Wednesday, September 25, 2013

Ed Ayers on What Freshmen Think About the Historical Profession

Drawing upon his experience in a freshman class he is teaching entitled "Touching the Past: The Purposes and Strategies of American History," Ed Ayers, the president of the University of Richmond and an eminent history of the South, asks a very interesting question: "What do 18-year olds think of historians and our work?

Here is a taste of his article in the September 2013 issue of Perspectives on History:

My strategy of introducing students to our profession, several weeks into the course, by assigning the October 2012 issue of Perspectives on History gave me second thoughts. As I had imagined the class months earlier, this assignment had seemed clever, a parting of the curtain behind the imposing Oz of the professional enterprise. Now that I could see that the students had never fallen for the wizard in the first place, I was anxious about what they would make of our intra-professional conversation. The students read a digital copy of the print version of the publication, start to finish; the professional notes and job advertisements as well as eloquent articles by leaders in our profession.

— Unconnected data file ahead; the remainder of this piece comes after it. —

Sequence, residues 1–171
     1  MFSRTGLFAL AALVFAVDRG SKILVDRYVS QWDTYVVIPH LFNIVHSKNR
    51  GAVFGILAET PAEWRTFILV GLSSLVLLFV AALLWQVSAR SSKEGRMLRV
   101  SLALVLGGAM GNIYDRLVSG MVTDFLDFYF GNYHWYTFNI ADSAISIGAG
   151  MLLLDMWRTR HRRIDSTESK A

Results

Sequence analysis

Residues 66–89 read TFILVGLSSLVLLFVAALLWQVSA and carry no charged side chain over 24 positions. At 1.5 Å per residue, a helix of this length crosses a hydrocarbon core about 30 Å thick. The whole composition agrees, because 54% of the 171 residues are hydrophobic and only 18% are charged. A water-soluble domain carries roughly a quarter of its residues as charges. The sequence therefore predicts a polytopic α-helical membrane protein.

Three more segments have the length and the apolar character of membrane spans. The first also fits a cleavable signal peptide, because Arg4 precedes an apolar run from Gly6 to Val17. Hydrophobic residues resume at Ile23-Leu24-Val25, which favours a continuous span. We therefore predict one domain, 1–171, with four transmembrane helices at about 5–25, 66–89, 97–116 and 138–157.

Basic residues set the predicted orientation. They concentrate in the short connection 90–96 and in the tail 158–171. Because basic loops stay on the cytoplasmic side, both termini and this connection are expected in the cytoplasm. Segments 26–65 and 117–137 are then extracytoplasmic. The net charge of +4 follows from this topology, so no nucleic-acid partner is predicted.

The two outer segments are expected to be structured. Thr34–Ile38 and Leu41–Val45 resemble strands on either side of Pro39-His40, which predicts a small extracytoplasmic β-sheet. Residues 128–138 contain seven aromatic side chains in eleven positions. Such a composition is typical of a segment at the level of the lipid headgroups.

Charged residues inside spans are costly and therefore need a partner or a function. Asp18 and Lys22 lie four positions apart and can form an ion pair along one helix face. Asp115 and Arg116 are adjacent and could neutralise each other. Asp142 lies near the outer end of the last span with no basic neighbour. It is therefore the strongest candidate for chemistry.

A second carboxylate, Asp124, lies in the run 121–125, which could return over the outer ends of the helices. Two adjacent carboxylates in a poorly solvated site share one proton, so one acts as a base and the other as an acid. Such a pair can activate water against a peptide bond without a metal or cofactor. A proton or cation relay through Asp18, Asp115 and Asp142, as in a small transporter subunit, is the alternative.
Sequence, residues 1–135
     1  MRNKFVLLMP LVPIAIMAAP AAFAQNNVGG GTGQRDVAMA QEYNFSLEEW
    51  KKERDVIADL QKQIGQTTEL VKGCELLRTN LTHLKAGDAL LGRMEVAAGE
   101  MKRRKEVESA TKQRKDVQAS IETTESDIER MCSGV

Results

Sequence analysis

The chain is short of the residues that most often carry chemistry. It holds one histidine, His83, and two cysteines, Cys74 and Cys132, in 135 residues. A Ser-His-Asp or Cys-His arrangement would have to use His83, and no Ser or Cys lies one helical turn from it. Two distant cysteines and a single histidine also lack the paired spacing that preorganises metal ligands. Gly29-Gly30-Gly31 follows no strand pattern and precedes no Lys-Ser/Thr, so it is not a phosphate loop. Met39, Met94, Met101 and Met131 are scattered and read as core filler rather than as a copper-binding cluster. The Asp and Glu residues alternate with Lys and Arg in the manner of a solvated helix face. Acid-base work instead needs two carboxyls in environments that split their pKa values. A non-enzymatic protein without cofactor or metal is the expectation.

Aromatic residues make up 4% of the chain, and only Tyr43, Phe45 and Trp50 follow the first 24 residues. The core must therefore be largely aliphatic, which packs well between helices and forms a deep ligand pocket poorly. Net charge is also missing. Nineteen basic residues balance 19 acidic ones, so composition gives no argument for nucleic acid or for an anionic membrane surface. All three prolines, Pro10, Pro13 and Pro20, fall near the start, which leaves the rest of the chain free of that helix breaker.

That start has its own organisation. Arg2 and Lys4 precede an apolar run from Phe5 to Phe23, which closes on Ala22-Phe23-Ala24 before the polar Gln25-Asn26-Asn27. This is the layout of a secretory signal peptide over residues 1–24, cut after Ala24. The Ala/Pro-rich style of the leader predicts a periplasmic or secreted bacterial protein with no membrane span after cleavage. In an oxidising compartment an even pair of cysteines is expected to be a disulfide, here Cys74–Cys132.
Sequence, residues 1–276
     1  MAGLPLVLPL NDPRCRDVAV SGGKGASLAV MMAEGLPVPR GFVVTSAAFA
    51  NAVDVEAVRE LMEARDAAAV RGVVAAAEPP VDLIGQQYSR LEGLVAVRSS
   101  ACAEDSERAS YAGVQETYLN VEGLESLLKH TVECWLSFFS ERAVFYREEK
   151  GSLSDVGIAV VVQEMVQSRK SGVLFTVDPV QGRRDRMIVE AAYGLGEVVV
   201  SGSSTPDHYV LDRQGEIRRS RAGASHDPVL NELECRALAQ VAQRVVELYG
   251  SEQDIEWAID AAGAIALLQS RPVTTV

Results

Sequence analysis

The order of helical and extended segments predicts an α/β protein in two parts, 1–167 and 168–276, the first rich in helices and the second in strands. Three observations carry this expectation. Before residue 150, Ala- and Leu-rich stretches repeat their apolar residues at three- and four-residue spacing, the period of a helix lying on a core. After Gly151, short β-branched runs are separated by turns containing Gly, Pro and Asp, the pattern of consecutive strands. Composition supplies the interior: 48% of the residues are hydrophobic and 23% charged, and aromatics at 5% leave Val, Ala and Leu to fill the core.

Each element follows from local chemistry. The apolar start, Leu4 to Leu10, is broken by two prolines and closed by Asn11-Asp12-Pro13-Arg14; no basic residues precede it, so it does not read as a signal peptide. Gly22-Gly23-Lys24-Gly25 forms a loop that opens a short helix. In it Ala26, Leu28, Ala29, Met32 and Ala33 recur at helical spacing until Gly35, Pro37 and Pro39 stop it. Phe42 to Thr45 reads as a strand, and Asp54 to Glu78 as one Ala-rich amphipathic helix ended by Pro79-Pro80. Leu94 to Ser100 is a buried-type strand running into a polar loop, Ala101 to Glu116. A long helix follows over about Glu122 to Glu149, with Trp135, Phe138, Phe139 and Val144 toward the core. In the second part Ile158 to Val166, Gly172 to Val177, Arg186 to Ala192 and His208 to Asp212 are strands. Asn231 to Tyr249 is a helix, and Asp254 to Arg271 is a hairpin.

Analyzing Perspectives as they would a historical document, they were struck, most of all, by historians' fretting: over the long odds and low salaries of our job market, over discouraging trends evident in graphs and tables, over our uncertainty about the digital world. Never having been in a profession themselves, they did not understand that such self-critical analysis is the intended work of a professional organ such as Perspectives. They saw embodied in Perspectives what they read about in Peter Novick's That Noble Dream, the fragmentation of our discipline and our loss of collective confidence. Not understanding its distribution, they came to class thinking the publication would sell poorly on newsstands in competition with the glossy American Heritagemagazines they had critiqued earlier in the semester.
It turned out to be stimulating and even funny to see our professional life through the eyes of smart young people. Their unintentionally patronizing sympathy hardly shook my faith in our work, but it did make me realize that academic historians cannot take our authority—so palpable within the disciplinary and institutional structures in which we live—for granted. It is not that today's students are, as often charged, shallow careerists, or that they hold the humanities in contempt, or are cynical or burdened with short attention spans. Instead, they simply had never been presented with the opportunity to see the work that historians do. The structures and actions of our profession, our contributions to American culture, were invisible to them, as they are to most people.